In a rare criticism of another appellate court's decision, the 4th Circuit also noted that the 9th Circuit's 2003 decision in Silveira v Lockyer, 312 F.3d 1052 in which the 9th Circuit decided the 2nd Amendment does not provide citizens with an individual right to own firearms because the DC Circuit Court decided to cite it as the authority on gun rights even though the 9th Circuit only has jurisdiction over 9 States—all along the Pacific rim.. The 4th Circuit Court of Appeals rejected the argument of the DC Circuit Court that the 2nd Amendment does not apply inside the District because its not a State. The 4th Circuit Court said that "...a prohibition on gun ownership in the home amounts to a complete prohibition on the lawful use of handguns for self defense. As such," the judges ruled, "we hold [the DC gun ban] is unconstitutional."
The decision in Parker v District of Columbia affirms the right of the citizen to keep and bear arms articulated by the US Supreme Court in United States v Miller in 1939. Silberman and Griffith's decision, however, went a step farther than the 1939 Supreme Court by clarifying that the right to own firearms is an individual right, not the collective right of society. According to Roger Pilon of the CATO Institute, Silberman's ruling "...cut through all of the fog suirrounding the 2nd Amendment. The issue has been teed up by Judge Silberman in such a way that no honest court can avoid dealing with it head-on."
does that mean? It means current DC Mayor Adrian M. Fenty and the DC
Commission will likely be filing an appeal to the US Supreme Court—or,
at least, they will ask for an en banc review of the ruling by the 4th
Circuit. According to David Gossett, a partner at the law firm of Mayer,
Brown, Rowe & Maw (which represents the Brady Center to Prevent
Gun Violence), "...[t]he fact that, even on this panel, there
was one dissent is a sign that the decision is open to question."
However, Gossett believes if the case goes before the Supreme Court,
the justices will rule in favor of individual rights on this issue.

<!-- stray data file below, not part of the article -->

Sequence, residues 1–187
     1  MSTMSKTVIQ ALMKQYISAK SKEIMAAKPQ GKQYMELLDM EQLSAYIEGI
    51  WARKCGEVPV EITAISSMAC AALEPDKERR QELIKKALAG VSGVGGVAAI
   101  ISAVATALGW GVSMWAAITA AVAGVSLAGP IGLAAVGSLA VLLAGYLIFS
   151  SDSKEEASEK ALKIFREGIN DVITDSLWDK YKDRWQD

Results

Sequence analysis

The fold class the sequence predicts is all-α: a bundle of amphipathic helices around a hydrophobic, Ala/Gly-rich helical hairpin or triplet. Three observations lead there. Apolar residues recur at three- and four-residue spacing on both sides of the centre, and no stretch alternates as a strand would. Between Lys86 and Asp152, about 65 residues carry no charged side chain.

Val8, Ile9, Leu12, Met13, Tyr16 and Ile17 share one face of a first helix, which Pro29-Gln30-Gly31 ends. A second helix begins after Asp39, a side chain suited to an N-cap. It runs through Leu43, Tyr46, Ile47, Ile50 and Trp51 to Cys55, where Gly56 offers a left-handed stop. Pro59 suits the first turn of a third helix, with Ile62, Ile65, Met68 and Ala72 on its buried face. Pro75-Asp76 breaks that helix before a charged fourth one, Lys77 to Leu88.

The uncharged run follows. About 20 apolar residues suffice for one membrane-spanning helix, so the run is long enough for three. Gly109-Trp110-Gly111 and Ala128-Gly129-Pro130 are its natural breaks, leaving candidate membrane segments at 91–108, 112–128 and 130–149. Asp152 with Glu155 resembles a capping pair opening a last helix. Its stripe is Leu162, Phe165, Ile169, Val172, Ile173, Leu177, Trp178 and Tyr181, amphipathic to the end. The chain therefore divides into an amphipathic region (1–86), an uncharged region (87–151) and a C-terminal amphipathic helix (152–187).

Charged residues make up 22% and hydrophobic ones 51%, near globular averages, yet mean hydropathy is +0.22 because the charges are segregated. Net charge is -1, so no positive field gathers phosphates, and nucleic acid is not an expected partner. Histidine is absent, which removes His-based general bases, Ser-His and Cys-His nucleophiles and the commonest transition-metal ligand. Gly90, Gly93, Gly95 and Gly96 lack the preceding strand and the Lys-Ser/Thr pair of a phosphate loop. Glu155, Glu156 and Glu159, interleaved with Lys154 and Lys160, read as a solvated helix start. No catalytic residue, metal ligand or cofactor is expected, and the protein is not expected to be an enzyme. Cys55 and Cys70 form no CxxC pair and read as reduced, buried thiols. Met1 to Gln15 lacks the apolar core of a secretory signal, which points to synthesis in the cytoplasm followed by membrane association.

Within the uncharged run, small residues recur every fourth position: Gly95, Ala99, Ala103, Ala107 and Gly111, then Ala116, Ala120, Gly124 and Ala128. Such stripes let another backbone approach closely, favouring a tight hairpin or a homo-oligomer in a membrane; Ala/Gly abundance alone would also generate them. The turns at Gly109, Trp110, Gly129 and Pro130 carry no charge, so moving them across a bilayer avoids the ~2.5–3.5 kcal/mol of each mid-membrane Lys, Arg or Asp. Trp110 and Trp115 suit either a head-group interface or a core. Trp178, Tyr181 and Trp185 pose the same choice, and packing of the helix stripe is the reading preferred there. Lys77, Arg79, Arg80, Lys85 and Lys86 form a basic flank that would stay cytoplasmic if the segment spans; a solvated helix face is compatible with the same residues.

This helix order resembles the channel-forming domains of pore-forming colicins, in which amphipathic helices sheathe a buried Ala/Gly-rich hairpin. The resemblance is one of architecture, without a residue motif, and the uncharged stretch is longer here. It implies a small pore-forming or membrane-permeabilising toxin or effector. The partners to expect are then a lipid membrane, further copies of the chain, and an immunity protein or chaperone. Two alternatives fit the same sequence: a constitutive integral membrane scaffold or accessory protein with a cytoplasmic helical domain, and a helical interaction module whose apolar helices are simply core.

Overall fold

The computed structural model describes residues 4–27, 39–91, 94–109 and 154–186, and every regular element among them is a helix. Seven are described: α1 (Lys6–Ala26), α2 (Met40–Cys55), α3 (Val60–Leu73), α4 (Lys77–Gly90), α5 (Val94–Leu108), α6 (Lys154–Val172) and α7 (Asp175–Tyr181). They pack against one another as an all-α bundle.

But that won't arbitrarily end gun controls in Washington, DC. Parker
v District of Columbia will be remanded back to the District Court
to issue an injunction against the DC gun ban. The District Court will
then be expect to adjust its ruling to accommodate the decision of the
appellate court—if Fenty does not request a review by the entire 4th
Circuit which—with the legal team of the Brady Center at their disposal—will
likely happen. If the District government does not get a full court
hearing at the 4th Circuit, the matter will end as a gun rights victory.
© 2007 Jon C. Ryter - All Rights
[Read "Whatever Happened to America?"]
Jon Christian Ryter is the pseudonym of a former newspaper reporter with the Parkersburg, WV Sentinel. He authored a syndicated newspaper column, Answers From The Bible, from the mid-1970s until 1985. Answers From The Bible was read weekly in many suburban markets in the United States.
Today, Jon is an advertising executive with the Washington Times. His website, www.jonchristianryter.com has helped him establish a network of mid-to senior-level Washington insiders who now provide him with a steady stream of material for use both in his books and in the investigative reports that are found on his website.
Law-abiding DC citizens caught trying to protect their home and families by owning a firearm purchased lawfully elsewhere will be charged with a misdemeanor that carries a stiff penalty—a $1,000 fine and/or imprisonment for up to one year.